Thanks for this--very interesting.
I've found myself with several LPs to do (I completely stay away from
78s at this time) as part of a tape-disc transfer package. I have also
turned a few of my Broadway albums into CDs when the commercial CD was
miserable (yes, I know there is a "remastered" CD now out of Man of La
Mancha, but Robert (my son) and I decided it wasn't worth $20 to improve
the quality over what my restoration provided--he's more of a musician
than an audiophile).
Anyway, for several projects, my tool of choice has been Brian Davies's
Click Repair and the denoise LF has worked very well for hum removal.
Click Repair seems to do less audible damage than the
de-click/de-crackle in the Samplitude restoration suite and it's the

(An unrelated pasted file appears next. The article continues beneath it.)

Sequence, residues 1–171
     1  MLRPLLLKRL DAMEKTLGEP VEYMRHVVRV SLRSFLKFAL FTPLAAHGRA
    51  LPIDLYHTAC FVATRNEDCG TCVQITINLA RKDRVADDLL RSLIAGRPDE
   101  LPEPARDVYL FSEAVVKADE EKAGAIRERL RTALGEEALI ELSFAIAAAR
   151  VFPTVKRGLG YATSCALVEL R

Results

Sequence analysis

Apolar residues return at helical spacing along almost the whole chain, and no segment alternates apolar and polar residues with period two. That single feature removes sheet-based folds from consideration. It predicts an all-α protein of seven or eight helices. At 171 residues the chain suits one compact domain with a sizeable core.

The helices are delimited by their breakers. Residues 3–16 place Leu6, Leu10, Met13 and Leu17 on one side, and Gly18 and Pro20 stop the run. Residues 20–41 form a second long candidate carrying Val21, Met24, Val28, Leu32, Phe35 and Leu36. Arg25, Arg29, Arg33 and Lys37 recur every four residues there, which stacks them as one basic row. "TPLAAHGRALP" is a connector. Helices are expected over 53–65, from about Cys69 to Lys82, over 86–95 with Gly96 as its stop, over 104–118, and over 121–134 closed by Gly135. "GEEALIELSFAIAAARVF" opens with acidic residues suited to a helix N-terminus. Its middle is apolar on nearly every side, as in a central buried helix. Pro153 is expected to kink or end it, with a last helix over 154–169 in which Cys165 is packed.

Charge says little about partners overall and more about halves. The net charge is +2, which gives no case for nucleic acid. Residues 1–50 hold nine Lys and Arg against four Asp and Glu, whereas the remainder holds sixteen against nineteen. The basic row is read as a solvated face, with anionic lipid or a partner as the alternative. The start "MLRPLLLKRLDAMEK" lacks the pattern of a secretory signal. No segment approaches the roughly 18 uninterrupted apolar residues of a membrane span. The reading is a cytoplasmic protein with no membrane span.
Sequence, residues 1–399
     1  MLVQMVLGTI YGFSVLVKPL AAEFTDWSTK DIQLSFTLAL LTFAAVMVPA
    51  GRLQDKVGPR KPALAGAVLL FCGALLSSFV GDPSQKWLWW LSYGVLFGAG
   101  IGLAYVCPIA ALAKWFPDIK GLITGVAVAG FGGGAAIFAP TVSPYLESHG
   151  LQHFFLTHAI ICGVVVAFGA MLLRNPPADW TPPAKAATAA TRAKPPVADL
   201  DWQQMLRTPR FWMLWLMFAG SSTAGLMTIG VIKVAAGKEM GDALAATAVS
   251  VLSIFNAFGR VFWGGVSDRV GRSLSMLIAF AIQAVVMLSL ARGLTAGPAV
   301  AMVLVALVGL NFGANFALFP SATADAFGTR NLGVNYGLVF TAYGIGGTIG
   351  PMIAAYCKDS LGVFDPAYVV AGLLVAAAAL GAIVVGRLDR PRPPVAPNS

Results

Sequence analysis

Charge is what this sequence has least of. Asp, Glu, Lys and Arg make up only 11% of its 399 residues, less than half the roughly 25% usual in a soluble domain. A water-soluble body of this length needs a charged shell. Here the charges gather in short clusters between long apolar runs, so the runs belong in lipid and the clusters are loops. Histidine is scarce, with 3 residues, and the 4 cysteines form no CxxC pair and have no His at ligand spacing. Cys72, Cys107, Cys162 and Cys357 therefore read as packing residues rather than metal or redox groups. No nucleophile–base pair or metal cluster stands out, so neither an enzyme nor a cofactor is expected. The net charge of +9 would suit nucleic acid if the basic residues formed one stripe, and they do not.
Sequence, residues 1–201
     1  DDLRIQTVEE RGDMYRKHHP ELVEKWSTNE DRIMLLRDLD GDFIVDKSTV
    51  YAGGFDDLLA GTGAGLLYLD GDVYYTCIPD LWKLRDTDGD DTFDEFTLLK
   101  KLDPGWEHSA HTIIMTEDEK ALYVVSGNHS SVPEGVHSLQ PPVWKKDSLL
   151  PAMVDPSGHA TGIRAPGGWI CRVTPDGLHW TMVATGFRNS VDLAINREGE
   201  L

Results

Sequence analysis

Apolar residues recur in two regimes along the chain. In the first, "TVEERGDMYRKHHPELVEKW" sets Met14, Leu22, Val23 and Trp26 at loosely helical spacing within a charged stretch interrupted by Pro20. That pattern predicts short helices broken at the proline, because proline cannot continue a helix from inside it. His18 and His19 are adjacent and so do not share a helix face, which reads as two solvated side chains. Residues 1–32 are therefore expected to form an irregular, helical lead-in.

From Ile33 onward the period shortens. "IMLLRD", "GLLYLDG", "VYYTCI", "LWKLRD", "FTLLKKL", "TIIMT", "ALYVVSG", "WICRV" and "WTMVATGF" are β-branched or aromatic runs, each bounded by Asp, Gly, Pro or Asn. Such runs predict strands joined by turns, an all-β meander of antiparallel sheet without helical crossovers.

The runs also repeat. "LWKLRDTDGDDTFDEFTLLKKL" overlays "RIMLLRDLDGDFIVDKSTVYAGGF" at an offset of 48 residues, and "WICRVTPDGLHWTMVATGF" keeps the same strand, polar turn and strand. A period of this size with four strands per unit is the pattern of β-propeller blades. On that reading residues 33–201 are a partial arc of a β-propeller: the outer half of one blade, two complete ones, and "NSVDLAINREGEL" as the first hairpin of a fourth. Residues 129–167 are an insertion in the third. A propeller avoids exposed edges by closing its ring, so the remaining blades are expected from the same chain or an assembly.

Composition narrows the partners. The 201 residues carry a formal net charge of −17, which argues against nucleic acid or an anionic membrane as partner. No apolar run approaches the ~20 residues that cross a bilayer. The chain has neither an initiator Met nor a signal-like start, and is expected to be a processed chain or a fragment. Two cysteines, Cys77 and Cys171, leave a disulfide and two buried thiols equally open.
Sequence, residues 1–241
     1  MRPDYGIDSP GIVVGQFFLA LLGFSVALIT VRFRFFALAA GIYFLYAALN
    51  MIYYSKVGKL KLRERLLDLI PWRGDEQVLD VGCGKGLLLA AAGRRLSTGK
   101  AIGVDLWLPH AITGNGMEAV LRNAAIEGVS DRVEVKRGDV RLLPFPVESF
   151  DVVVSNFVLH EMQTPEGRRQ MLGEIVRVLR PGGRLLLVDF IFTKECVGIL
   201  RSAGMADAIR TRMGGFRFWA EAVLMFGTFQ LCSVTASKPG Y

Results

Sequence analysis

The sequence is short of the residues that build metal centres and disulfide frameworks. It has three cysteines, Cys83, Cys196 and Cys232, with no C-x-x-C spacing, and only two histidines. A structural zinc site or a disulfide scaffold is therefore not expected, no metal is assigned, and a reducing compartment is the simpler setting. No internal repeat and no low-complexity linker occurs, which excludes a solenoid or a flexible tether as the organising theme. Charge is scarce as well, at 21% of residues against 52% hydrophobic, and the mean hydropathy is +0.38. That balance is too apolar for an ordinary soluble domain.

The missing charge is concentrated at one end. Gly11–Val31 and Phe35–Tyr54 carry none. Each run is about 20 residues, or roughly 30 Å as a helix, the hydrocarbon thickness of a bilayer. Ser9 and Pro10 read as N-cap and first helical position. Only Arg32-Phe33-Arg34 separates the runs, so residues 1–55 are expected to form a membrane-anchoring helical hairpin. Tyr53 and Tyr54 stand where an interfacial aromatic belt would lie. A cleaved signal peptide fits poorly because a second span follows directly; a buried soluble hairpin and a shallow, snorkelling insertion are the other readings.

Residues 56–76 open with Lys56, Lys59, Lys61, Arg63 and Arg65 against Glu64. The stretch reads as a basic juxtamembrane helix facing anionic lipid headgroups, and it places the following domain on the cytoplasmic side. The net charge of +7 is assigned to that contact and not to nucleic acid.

best-yet iteration of that line.
I do transfer at 96/24.
I notice that Click Repair was mentioned in the Audacity article. I also
noticed that GoldWave was also mentioned which is odd, as that is my
preferred low-cost audio editor when people ask. Although Magix's Audio
Cleaning Lab is also a good contender for under $100.
On 2012-04-10 7:22 AM, Tom Fine wrote:
> This is a very convoluted method to recover audio from non-RIAA
> records. Gary Galo has written a very good article about the science
> of grooved-media recording and playback curves here:
> Gary has also written for ARSC Journal advocating analog playback and
> EQ of grooved media, rather than "flat playback" and software EQ, and
> has specified the technical reasons why analog EQ works differently
> from DSP EQ.
Richard L. Hess email: [log in to unmask]
Aurora, Ontario, Canada (905) 713 6733 1-877-TAPE-FIX
Quality tape transfers -- even from hard-to-play tapes.